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The Opening Government Guide to support national action plans

Maya Forstater |

In the run up to the upcoming Open Government Partnership (OGP) Summit, in London on October 31, countries are at different stages in developing and updating their plans to improve their openness and accountability to citizens. The Opening Government Guide developed by the Transparency and Accountability Initiative (T/A I) is a resource to help countries in developing ambitious national plans.

The first edition of The Guide was developed in 2011, when the OGP first started. However, two years down the line there is much more experience of developing action plans and many new standards to draw on; such as the GIFT High Level Principles on Fiscal Integrity, the International Aid Transparency Initiative standard, The Voluntary Guidelines on the Responsible Governance of Tenure, the Tshwane Principles on National Security and the Right to Information. New initiatives such as Open Contracting, the Whistleblowing International Network and the Global Open Data Initiative have been founded to share best practice in other areas. T/A I has therefore been working together with experts from many organisations to update the Guide to reflect the learning and developments of the past two years.  New topics on public contracting, budgets, records management and asset disclosure and conflicts of interest have been posted already, and topics on right to information, the construction sector, aid will be posted next week, with more additions after that. The original chapters are also still available and can also be consulted.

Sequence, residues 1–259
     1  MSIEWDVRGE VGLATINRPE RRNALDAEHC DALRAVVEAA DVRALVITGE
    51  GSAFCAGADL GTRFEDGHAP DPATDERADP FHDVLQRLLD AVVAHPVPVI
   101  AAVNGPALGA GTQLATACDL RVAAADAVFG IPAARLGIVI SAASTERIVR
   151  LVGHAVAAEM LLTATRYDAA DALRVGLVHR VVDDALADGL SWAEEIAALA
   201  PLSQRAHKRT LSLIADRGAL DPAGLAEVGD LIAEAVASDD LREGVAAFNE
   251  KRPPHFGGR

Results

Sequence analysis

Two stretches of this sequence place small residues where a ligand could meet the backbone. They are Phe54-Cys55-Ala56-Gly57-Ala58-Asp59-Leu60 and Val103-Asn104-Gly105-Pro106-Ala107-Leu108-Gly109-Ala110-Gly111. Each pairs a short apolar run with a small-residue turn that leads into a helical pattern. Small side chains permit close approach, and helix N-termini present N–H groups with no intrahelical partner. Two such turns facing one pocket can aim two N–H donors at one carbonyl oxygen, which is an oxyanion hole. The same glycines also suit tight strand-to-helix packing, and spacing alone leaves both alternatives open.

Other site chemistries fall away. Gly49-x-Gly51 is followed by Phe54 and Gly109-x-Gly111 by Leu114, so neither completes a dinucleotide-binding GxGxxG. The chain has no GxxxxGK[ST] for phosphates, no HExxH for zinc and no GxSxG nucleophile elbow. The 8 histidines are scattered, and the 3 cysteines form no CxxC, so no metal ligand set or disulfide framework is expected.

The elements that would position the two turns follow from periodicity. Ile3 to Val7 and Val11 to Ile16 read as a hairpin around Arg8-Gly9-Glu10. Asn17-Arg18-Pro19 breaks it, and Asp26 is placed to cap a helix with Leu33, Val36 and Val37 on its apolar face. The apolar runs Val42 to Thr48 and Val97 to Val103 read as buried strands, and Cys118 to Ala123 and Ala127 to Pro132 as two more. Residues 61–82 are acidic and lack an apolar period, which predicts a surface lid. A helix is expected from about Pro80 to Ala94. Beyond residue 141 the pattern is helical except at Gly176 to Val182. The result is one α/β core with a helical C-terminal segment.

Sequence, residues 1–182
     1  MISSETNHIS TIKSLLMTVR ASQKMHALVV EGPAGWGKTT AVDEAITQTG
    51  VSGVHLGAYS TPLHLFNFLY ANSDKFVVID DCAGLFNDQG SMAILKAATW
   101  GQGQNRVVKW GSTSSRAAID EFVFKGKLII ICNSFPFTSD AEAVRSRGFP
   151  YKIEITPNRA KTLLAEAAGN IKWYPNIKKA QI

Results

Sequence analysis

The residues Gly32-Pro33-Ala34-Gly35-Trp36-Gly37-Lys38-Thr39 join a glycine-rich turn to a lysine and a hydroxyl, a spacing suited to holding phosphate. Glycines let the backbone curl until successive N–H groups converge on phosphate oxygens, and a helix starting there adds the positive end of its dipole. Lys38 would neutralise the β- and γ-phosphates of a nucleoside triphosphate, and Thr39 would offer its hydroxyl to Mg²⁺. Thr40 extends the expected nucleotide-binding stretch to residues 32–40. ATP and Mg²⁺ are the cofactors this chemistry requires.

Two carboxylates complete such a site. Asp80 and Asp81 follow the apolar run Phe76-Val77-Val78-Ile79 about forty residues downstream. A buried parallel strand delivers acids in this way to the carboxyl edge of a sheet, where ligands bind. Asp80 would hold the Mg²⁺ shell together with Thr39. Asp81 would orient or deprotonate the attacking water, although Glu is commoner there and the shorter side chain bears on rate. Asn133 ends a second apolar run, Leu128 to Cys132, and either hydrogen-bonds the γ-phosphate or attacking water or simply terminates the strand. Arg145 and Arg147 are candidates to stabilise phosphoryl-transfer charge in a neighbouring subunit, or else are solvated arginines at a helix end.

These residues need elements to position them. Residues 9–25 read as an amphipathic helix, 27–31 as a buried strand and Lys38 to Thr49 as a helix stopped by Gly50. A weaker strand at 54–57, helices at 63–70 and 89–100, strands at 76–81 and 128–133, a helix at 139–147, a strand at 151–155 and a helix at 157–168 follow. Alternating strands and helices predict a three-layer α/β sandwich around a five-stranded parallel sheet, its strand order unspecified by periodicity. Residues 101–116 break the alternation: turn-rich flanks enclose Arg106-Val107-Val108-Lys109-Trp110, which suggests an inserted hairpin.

The new guide will be launched at the OGP Summit, as a resource particularly for the 39 countries that will develop their second action plans after the summit, and others that will follow on the year after. We hope it will continue to be updated with new standards and guidance, and experiences from countries implementing their action plan commitments.

Please send any comments or suggestions to Maya Forstater.

Photo credit: A stack of books, by Janis Christie, via The Guardian